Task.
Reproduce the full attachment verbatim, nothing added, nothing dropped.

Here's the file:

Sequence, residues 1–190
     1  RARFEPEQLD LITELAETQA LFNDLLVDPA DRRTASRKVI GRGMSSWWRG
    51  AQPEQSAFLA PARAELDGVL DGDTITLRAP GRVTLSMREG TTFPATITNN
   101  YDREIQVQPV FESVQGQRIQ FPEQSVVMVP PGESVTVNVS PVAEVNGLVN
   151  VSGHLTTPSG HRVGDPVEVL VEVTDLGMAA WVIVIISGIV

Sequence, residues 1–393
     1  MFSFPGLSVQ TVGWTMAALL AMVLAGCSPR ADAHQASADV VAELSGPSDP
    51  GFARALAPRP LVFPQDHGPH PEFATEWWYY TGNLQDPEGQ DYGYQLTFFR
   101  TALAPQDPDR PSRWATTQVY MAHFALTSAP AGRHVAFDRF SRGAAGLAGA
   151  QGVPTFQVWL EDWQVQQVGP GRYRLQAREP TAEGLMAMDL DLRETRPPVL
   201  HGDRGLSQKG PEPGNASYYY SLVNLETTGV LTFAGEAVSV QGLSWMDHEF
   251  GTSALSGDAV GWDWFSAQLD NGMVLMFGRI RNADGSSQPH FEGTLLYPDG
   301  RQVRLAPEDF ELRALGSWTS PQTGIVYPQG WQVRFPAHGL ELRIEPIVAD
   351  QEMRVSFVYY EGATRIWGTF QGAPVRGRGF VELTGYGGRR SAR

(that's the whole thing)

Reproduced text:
Sequence, residues 1–190
     1  RARFEPEQLD LITELAETQA LFNDLLVDPA DRRTASRKVI GRGMSSWWRG
    51  AQPEQSAFLA PARAELDGVL DGDTITLRAP GRVTLSMREG TTFPATITNN
   101  YDREIQVQPV FESVQGQRIQ FPEQSVVMVP PGESVTVNVS PVAEVNGLVN
   151  VSGHLTTPSG HRVGDPVEVL VEVTDLGMAA WVIVIISGIV

Sequence, residues 1–393
     1  MFSFPGLSVQ TVGWTMAALL AMVLAGCSPR ADAHQASADV VAELSGPSDP
    51  GFARALAPRP LVFPQDHGPH PEFATEWWYY TGNLQDPEGQ DYGYQLTFFR
   101  TALAPQDPDR PSRWATTQVY MAHFALTSAP AGRHVAFDRF SRGAAGLAGA
   151  QGVPTFQVWL EDWQVQQVGP GRYRLQAREP TAEGLMAMDL DLRETRPPVL
   201  HGDRGLSQKG PEPGNASYYY SLVNLETTGV LTFAGEAVSV QGLSWMDHEF
   251  GTSALSGDAV GWDWFSAQLD NGMVLMFGRI RNADGSSQPH FEGTLLYPDG
   301  RQVRLAPEDF ELRALGSWTS PQTGIVYPQG WQVRFPAHGL ELRIEPIVAD
   351  QEMRVSFVYY EGATRIWGTF QGAPVRGRGF VELTGYGGRR SAR